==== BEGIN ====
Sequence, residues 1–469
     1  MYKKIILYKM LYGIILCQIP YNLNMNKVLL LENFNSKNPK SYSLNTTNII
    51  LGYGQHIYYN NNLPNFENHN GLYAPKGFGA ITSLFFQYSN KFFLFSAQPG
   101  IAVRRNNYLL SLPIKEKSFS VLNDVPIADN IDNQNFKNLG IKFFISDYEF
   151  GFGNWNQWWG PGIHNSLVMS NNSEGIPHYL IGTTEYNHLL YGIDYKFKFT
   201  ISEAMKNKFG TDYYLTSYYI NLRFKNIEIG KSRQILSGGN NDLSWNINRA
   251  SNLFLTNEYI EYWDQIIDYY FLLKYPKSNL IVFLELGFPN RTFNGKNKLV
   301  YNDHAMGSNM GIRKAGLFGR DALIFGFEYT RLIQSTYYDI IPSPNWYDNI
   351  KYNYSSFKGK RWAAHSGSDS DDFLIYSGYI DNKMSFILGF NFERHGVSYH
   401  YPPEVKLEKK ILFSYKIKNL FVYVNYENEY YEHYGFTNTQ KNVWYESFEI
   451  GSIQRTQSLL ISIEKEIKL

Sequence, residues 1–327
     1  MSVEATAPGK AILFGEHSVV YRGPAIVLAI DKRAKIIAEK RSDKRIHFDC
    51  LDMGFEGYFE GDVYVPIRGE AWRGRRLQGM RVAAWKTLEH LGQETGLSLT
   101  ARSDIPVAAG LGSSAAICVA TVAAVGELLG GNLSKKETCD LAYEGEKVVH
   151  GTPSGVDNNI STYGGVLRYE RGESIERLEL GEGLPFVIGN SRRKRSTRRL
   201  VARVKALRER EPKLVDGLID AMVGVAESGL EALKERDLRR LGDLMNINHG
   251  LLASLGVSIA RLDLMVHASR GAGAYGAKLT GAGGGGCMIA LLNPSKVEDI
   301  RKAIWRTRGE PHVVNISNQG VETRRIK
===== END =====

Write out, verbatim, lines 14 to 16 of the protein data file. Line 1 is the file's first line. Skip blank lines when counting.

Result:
    51  LDMGFEGYFE GDVYVPIRGE AWRGRRLQGM RVAAWKTLEH LGQETGLSLT
   101  ARSDIPVAAG LGSSAAICVA TVAAVGELLG GNLSKKETCD LAYEGEKVVH
   151  GTPSGVDNNI STYGGVLRYE RGESIERLEL GEGLPFVIGN SRRKRSTRRL